We saw before that a 2D object cannot exist in 3D space. Likewise, a 3D object cannot exist in 4D space. Everything must be four dimensional. And we know this is true. Every 3D object such as a piece of material, changes over time. It changes its position in space and time, and its constitution undergoes many rapid quantum changes. Each moment-in-time describes one slide of its 3D existence, in total, making a 4D object. With every passage of every nanosecond, every object has changed its position in time. Each frame is different. We experience this march of the 3D frames to be what we call time, although in mathematics the maths to translate a 2D object into a 3D one follows exactly the same logic as transferring a 3D one into a 4D one. By convention we call time the fourth dimension, although it is misleading to give dimensions names or numbers as if there was a hierarchy.

Because we know from experience that the universe has at least four dimensions, it may be true that everything changes over time. But, as we saw a 2D object exist in 3D (as a pipe through a room), what if there were objects that did not change in time? They would be experienced as (for example) a box that never moved. This means, its absolute location never changes. Nothing about it would ever change. It would exist eternally and infinitely in exactly the same state; if it changed over time, our cube would have proved itself to be existing in four dimensions, not three. To stop existing "under" four dimensions is to never change in three, just like our 2D pipe never changes in one of its dimensions: its cross section is exactly the same in every frame. Here we have described something that 'never changes', which exists 'outside of time'. (These terms have different implications, as we'll see later.) Such an object presents physical problems; as when it reflects light then it has exerted a force and used energy (therefore it has changed), but if it does not interact in any way then it is invisible and as if it does not exist. Forgetting these problems, we now move on to the theological debate that we have been leading up to.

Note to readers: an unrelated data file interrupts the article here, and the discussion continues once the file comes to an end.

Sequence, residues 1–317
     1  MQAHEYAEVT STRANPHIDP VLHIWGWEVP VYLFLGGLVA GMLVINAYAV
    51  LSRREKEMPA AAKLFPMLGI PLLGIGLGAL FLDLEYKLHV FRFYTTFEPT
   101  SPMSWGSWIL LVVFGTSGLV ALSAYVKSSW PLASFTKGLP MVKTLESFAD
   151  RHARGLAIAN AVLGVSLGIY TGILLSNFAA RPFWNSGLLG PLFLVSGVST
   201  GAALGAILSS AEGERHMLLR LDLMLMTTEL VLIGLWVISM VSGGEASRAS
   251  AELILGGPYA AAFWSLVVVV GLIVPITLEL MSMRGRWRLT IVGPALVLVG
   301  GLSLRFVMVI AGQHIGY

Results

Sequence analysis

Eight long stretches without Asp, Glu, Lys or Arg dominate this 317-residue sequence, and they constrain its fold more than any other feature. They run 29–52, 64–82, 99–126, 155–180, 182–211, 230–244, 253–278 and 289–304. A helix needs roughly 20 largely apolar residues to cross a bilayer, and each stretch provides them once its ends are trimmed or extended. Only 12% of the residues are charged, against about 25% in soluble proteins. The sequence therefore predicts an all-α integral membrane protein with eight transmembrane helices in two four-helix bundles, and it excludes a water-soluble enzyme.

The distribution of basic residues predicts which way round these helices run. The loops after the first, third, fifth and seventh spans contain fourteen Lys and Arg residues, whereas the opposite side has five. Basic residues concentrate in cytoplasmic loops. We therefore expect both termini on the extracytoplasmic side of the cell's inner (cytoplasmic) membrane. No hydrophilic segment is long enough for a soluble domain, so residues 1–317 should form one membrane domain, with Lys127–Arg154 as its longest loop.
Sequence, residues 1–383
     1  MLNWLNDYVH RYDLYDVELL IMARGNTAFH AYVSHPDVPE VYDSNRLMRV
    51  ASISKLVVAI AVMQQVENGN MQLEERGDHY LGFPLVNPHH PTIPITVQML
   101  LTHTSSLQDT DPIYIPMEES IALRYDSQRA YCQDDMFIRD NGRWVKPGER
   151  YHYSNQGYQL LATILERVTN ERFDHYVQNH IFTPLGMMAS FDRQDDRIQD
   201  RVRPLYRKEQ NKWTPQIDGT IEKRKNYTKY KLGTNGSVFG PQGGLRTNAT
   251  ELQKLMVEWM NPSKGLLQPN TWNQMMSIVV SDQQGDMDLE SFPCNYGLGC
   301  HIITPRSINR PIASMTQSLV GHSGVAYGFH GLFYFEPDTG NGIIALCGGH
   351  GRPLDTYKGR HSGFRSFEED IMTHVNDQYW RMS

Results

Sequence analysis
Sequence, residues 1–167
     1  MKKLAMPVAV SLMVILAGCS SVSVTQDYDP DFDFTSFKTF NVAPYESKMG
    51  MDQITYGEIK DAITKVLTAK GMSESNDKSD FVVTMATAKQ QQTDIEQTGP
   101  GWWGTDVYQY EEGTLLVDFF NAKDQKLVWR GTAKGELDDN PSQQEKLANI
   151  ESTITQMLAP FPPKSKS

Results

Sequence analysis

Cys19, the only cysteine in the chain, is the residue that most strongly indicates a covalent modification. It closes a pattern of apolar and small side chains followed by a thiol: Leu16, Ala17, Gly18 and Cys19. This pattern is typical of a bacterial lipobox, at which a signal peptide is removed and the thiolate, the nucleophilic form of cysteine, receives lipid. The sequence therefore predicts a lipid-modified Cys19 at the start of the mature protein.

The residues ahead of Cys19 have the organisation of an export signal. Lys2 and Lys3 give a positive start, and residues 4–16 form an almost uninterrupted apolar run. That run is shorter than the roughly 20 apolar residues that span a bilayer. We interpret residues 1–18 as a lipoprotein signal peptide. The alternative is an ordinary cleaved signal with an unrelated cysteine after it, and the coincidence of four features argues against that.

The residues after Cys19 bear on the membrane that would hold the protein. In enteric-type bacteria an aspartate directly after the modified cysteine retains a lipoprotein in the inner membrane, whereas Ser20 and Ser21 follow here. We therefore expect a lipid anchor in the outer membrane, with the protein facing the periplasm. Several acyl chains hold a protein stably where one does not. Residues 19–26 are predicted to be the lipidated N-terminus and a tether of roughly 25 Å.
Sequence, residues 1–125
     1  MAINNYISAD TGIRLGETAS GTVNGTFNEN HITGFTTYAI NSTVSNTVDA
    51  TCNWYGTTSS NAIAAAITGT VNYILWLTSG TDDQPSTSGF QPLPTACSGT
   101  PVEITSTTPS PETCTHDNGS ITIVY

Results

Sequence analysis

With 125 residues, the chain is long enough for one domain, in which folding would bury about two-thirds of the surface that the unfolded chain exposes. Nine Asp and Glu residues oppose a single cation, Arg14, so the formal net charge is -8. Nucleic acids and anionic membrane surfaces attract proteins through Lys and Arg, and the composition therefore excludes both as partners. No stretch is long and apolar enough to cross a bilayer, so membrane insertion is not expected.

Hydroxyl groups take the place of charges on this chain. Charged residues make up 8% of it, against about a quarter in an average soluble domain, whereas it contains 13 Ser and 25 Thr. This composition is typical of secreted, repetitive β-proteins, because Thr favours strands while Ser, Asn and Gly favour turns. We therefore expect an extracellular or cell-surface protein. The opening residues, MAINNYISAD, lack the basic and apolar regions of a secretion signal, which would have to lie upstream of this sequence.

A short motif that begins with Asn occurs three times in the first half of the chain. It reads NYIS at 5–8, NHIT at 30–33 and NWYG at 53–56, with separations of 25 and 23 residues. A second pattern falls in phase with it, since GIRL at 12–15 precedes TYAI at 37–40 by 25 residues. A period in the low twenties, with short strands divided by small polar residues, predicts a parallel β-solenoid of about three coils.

2. Existing Outside of Time

There is another sense in which things exist "outside of time" other than the sense that something that exists only in 3D and not 4D. This is something that exists "outside" of the entire four-dimensional construct. If a 2D object existed in the 'wrong' dimension, perhaps a 3D being could pick it up, turn it around and examine it. It wouldn't be able to change it, once discovering it, because if it is only a 2D object then it doesn't change in any other dimension. The same goes for 3D objects.

If a Human creates a sculpture, we can consider this (wrongly) to be a 3D object that doesn't change over time (after having been created, that is). The sculptor can examine the object, rotate it and examine every 2D 'frame' (slice) that makes up its 3D totality. The Human being, the four-dimensional being, exists 'outside' of the 3D system. It can see where the model starts and ends. If there was a crack in the clay, the Human could look at the crack 'frame by frame' and see where it starts, trace its path, and see where it ends up. The creator of the model exists 'outside' of it. This becomes a very important distinction when we move to consider 4D 'real' objects, such as the Universe itself.

Let's simplify the universe to our own experience and describe it as a four-dimensional entity. Some big bang models predict up to nine dimensions, but I have the same problem-of-imagination that I had with one-dimensional objects, so I'm going to ignore all dimensions but the four "real" ones.

If a God created the 4D Universe like our Human above created his 3D model, then, such a creature could take the universe and examine everything that happens in it, frame-by-frame. If a persons' life starts at time A and ends at time B, then, like the crack in the 3D model, the 'outside' observer can view a persons' whole life, from beginning to end, in one glance. By taking the Universe as a 4D object you get to see all history (i.e., all slides of the 3D progression) from the first frame of time to the last.